Subject: I have found a CD that I think you would enjoy
One of the greats in the annals of contemporary jazz
Adolph Pinelad | Montreal, Quebec Canada | 03/21/2008
(5 out of 5 stars)
Myra Melford - Piano (composer)
Lindsey Horner - Bass
Reggie Nicholson - Drums
For anybody who is interested in listening to a recording that illustrates the transitions that jazz has gone through giving way to avant-garde forms, this is a key recording. With enough anchoring in tradition this live set explores rhythmic counterpoint and melodic explorations in such a way that you can understand how an improvisation can sound like a composition and vice versa.
Listening to the progress of the pieces is fascinating, and strangely enough, this set is very lyrical and has very strong rhythmic moments that will get you nodding along to the time. It is easier to digest than the studio recordings I have heard.
This is a jazz record that anybody into the freer, more cerebral aspect of jazz must have, even if only to relax his or her tired ears.
Myra Melford is often compared to Cecil Taylor, but is definitely much more lyrical than Taylor, and her technique can definitely hold its own in comparison. Cecil Taylor is much more abstract, which makes Melford's work a good gateway to Taylor's difficult but greatly rewarding work. This is not to say that Melford's work is just tool to move on to Taylor, this is an added plus, and not so much to `move on' but `move into'. Melford's work here is masterful and this record could be considered as one of the all time greats of contemporary jazz. Great playing from everyone in the trio and there is flawless communication between the three musicians. Those of you with adventurous ears: I guarantee that you will not be disappointed by this record.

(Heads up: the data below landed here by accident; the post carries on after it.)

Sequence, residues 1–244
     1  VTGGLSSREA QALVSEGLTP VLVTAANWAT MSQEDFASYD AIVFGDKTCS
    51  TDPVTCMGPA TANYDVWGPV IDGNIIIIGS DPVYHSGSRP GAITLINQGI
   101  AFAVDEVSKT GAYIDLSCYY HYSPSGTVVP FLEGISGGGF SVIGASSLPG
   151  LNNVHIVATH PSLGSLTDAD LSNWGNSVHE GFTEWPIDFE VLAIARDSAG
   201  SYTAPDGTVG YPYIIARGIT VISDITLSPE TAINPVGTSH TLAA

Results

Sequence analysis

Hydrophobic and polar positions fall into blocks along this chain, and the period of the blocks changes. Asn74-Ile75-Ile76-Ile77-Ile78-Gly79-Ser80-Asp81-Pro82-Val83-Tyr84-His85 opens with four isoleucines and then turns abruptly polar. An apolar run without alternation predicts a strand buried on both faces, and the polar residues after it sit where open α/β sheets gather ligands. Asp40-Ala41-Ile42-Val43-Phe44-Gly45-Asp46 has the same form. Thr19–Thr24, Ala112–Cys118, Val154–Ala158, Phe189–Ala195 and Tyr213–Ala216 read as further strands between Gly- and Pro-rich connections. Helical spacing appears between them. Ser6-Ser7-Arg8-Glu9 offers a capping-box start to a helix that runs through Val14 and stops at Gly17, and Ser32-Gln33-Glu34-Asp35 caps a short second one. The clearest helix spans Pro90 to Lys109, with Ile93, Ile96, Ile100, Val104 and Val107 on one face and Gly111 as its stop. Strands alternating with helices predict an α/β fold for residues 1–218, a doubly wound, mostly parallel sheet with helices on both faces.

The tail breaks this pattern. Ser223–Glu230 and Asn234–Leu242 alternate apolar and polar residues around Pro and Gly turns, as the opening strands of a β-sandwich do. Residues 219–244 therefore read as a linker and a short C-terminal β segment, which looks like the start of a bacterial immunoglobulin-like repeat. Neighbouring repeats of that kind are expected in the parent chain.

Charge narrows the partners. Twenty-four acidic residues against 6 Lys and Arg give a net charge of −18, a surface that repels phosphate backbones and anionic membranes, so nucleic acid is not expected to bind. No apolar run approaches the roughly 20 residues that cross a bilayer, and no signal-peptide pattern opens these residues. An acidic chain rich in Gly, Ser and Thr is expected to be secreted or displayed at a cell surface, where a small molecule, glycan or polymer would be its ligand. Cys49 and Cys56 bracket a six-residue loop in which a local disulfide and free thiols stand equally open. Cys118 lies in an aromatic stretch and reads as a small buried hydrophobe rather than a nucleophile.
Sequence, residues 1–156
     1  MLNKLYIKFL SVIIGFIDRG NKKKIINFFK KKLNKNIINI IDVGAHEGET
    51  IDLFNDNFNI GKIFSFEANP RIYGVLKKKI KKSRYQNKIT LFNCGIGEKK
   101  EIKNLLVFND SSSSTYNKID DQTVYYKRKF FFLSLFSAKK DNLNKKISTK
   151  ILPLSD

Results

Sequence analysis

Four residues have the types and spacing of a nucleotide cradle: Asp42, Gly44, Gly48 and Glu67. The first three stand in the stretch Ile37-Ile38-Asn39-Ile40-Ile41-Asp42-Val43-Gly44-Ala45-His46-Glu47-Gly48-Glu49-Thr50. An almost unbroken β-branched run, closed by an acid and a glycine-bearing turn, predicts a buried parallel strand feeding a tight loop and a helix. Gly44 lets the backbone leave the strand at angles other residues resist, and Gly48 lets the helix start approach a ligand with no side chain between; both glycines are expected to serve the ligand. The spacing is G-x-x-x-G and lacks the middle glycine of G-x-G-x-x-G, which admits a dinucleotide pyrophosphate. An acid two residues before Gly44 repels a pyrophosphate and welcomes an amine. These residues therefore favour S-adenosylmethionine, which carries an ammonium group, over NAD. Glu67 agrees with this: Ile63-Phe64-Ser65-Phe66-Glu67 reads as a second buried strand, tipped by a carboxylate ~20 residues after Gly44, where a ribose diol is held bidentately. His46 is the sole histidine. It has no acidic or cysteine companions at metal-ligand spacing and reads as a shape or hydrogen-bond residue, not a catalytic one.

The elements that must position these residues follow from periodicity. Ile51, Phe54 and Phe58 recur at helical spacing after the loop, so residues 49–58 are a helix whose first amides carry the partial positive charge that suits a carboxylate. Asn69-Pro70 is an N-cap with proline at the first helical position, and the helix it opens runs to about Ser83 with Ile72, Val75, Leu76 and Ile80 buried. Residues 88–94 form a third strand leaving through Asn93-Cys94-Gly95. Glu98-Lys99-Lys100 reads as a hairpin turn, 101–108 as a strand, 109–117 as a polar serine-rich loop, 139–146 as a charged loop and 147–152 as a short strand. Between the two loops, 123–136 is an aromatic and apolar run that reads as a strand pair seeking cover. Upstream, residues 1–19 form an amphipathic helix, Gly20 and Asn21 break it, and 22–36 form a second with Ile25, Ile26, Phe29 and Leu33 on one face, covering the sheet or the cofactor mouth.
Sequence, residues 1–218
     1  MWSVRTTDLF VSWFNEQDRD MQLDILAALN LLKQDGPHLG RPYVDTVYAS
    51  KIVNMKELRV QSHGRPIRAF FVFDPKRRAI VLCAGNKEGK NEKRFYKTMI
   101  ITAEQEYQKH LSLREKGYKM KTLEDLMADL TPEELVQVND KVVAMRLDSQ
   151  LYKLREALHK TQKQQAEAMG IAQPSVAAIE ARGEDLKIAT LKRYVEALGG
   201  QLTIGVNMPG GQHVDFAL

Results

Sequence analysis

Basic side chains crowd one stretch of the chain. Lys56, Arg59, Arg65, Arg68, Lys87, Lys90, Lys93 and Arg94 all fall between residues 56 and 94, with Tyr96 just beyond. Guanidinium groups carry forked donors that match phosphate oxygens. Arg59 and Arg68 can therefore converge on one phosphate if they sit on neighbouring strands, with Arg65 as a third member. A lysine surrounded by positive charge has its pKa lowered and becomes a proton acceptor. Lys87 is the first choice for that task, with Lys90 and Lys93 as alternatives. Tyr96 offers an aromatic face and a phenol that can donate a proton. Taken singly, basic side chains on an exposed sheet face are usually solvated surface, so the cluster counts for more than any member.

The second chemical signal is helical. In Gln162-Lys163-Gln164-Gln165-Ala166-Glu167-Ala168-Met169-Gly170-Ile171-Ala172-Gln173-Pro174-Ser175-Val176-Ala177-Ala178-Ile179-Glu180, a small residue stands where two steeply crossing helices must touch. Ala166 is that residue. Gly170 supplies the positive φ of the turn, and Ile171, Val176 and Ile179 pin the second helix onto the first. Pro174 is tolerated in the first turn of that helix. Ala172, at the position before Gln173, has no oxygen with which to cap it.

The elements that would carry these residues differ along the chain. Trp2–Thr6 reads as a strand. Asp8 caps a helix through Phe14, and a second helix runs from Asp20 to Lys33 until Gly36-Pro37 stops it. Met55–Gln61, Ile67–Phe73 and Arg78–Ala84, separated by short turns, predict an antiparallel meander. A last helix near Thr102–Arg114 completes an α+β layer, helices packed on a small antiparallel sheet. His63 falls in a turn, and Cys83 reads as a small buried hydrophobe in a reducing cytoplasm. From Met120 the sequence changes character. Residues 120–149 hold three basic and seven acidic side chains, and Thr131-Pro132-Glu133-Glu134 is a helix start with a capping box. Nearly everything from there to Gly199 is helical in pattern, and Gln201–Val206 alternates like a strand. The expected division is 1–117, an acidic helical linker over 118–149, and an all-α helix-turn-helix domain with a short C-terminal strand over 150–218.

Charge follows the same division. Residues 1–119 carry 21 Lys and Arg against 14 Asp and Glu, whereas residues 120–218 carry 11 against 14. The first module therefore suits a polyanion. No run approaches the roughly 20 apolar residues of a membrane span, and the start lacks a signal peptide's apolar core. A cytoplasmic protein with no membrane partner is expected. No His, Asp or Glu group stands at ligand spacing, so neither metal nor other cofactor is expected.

Myra Melford, (a)Live in Germany
Joe Pierre | Los Angeles, CA United States | 03/16/2009
(5 out of 5 stars)
"HatHut records released this remixed and remastered 2-CD version of "Alive in the House of Saints" as a limited edition of 3000 CD's in 2001. The original CD release was a single disc set that I reviewed last year:
I'd never heard of Myra Melford, but this album caught my eye in the used bin at a record store because I'm a fan of jazz piano trios and have almost never been disappointed with something on the always adventurous HatHut label. So I popped it in the store's CD player, and was almost immediately impressed with the refreshing sound of Melford dancing away at the keyboard. The older I get, the less often I'm captivated by "new" artists, but this was a great discovery and I took it home after just a few minutes of listening.
Melford is a bit hard to classify -- certainly she's playing jazz, but she straddles between post-bop and avant garde in a way that few others seem able. There are obvious influences of Henry Threadgill (inasmuch as she says so) or even Cecil Taylor at times, but really she reminds me more of Keith Jarrett. This disc is Melford along with also-unknowns-for-me Lindsey Horner (bass) and Reggie Nicholson (drums), live at the Der Club in Germany in 1993. There are six tunes on this single disc spanning 74 minutes of music.